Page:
Vampires are cinema’s most malleable monsters. They can sparkle, skateboard, yell “bat”, or do gymnastics, all while fulfilling their bloodsucking duties. In the horror movie The Invitation, vampires take on their more familiar role as society’s rich and powerful, as an unlucky human guest joins them for the weekend. The Invitation comes from director Jessica M. Thompson (The Light of the Moon), and while it pulls inspiration from several recent and successful out-of-place houseguest horror movies like Get Out and Ready or Not, The Invitation never manages to be scary, and it hides its vampires behind a lifeless love story.
The Invitation follows Evie (Nathalie Emmanuel), an unhappy and over-it gig-caterer in New York who’s fed up with her dead-end job, desperate to follow her passion for ceramics, and still reeling from her mother’s recent death. One day, Evie snags a gift bag from a swanky event she’s catering and tries out the included DNA testing kit. The test connects her to a previously unknown branch of her family that lives among the upper crust of English society. Before Evie knows it, she’s been invited to a mysterious wedding at an English estate, where she meets and quickly falls for the enigmatic Walter (Thomas Doherty), the lord of the manor.
This series of events takes almost all of the movie’s 105-minute run time to play out. That may surprise viewers who’ve seen any of the promotional material for this movie, which is far more focused on the story’s vampiric presence. The bait-and-switch of subbing a dubious romance in for vampire violence wouldn’t be much of a problem if the movie were willing to invest in the Gothic style and foreboding atmosphere that helps make vampire love stories timelessly creepy. Instead, Thompson is content with awkward flirting that’s shot as blandly as a one-season-only Netflix teen series.
Even though the story rests almost solely on viewers believing Walter is subtly seducing the worldly and cautious Evie, Emmanuel and Doherty never muster much chemistry beyond both being attractive people. The stiff, exposition-heavy dialogue never manages to make either character interesting, and it barely leaves room for the actors to add any spark or genuine emotion to the confounding romance.
Even stranger, the movie’s script, from Hell Fest co-writer Blair Butler, goes to great lengths to convince viewers that Evie is too smart to fall prey to the lures of old money. As a Black woman who has lived her whole life in the United States and knows what it’s like to be the disrespected server at a rich person’s party (even though she has a killer New York City apartment), Evie constantly sympathizes with the wedding’s ill-fated servants, and swears to her best friend that she’d never fall prey to the trappings of wealth and the luxuries colonialism paid for. Then she does. Right away. With no convincing, and no charm from Walter whatsoever. While her sudden susceptibility might suggest something supernatural is at play — something that might have helped sell the romance, and given her a meaningful internal struggle — The Invitation never makes any hints that that’s the case.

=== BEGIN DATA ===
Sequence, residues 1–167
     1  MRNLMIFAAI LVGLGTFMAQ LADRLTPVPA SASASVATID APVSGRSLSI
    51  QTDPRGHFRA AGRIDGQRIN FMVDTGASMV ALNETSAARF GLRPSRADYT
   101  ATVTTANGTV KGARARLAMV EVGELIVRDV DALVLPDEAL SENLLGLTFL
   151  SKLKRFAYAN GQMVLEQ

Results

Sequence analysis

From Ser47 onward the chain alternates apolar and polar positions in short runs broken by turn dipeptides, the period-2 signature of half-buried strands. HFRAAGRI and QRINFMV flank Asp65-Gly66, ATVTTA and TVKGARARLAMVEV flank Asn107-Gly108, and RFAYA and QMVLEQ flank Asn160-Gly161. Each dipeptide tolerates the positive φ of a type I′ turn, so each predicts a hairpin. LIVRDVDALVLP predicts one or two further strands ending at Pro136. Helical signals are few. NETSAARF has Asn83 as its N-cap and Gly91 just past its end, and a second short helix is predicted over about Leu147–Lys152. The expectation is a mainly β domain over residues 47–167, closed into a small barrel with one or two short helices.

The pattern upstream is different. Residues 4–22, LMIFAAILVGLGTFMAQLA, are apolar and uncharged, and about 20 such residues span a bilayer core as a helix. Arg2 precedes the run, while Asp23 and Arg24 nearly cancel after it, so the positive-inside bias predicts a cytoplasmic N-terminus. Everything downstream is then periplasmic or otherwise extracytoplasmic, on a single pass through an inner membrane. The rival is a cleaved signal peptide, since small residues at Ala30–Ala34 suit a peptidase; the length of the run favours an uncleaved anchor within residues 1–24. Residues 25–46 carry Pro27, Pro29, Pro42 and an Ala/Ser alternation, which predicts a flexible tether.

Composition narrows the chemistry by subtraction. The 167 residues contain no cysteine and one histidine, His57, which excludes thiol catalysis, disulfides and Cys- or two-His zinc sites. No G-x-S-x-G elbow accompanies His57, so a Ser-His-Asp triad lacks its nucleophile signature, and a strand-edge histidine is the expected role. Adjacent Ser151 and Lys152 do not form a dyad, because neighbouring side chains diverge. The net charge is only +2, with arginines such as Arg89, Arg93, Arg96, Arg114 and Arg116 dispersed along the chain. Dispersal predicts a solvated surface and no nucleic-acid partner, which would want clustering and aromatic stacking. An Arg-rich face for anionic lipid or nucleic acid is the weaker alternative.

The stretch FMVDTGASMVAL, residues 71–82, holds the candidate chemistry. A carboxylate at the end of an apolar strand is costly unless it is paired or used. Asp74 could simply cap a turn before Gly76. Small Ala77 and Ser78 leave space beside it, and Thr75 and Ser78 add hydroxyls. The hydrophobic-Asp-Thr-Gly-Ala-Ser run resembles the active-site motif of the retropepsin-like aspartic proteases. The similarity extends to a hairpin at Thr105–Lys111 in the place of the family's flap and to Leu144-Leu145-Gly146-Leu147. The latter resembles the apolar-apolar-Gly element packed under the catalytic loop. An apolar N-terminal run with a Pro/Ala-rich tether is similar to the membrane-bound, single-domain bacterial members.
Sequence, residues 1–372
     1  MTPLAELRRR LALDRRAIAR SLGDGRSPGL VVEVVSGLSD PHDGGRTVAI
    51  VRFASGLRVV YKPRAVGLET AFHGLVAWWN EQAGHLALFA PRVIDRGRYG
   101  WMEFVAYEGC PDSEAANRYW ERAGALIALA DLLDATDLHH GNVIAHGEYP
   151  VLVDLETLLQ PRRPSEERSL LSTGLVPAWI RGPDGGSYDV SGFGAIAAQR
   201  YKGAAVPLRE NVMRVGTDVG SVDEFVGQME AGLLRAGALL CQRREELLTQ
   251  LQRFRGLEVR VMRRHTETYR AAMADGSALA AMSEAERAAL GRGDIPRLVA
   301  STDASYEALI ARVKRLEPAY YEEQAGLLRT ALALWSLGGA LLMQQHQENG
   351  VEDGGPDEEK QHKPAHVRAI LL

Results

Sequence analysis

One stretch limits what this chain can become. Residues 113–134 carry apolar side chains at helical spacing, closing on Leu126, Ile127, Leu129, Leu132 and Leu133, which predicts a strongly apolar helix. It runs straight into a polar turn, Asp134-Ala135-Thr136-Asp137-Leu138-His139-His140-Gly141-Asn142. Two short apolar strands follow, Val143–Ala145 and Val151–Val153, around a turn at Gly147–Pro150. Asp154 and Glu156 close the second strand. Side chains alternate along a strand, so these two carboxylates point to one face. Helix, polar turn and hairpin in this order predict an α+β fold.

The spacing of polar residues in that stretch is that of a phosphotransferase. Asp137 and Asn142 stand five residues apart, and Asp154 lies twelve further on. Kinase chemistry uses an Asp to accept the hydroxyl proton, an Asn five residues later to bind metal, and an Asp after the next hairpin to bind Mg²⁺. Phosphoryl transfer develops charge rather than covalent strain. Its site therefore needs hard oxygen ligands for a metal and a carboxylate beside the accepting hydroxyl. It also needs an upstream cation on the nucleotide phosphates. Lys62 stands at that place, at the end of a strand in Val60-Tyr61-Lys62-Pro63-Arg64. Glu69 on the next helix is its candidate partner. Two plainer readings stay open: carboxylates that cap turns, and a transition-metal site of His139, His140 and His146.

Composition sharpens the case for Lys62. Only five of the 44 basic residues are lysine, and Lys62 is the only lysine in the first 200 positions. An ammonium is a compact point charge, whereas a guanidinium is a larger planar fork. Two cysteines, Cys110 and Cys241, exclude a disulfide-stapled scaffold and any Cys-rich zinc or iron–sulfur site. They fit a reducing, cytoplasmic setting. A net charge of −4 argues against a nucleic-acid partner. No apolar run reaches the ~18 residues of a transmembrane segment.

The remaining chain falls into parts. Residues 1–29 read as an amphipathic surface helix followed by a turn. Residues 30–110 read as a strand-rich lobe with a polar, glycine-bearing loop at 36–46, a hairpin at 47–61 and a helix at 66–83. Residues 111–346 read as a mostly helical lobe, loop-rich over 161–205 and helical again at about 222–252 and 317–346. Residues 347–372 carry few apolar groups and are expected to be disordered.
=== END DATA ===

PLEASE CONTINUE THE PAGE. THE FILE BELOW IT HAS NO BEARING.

In fact, Evie’s only reason for thinking Walter is anything other than a rich playboy with a big house is that he apologizes to her for his butler being rude. (Yes, it’s the help’s fault when something goes wrong for Evie. No, the filmmakers do not acknowledge the irony.) The Invitation is desperate to try to replicate the awkward fish-out-of-water terror of Jordan Peele’s Get Out, without realizing that part of what made that movie so eerie is the implication of a loving, meaningful relationship between the protagonist and one of the villains, which started well before the movie begins.
The tedious flirtation in The Invitation is occasionally punctuated by scenes that bring the movie a little closer to the horror and moodiness that its vampiric premise promises. There are a few scenes of mysterious creatures lurking in shadows, or locked rooms that guard unseemly creatures of the night. These brief horror scenes are shot in an overly dark manner, with tacky blue lighting that obscures almost all of the action. But they at least manage tension for a few seconds at a time, and they provide a bit of the foreboding atmosphere that the rest of the movie is sorely lacking.
Finally, in its last 25 minutes, The Invitation turns into the vampire-slaying action movie Sony wanted audiences to believe it is for the whole run time. During a suitably creepy dinner — the movie’s most effective scene, thanks to the dozen or so masked vampire cultists — Walter finally explains his full vampiric machinations to Evie. The movie seems intent on revealing this information as a twist, but considering it not only makes up most of the trailer but is also hinted at in the movie’s prologue, Evie’s shock at the reveal ends up feeling like the most surprising part of the scene, especially given the broad hints at something weird and nefarious happening.
Once the cat’s out of the bag, The Invitation finally transforms into its best self, a vaguely angry movie about a woman who’s fed up with all these vampires and would very much like to kill them. The action itself is mostly lackluster and bloodless, and it never reaches the giddy violence or entertaining heights of Ready or Not, the movie The Invitation feels most indebted to. At least it’s more exciting than Evie and Walter’s baffling courtship.
One part Get Out, one part Ready or Not, and too few parts Dracula, The Invitation is a pastiche of infinitely better horror stories that it never measures up to. You can make vampires do almost anything in movies, but The Invitation commits the one unforgivable sin: making vampires boring.
The Invitation opens in theaters on Aug. 26.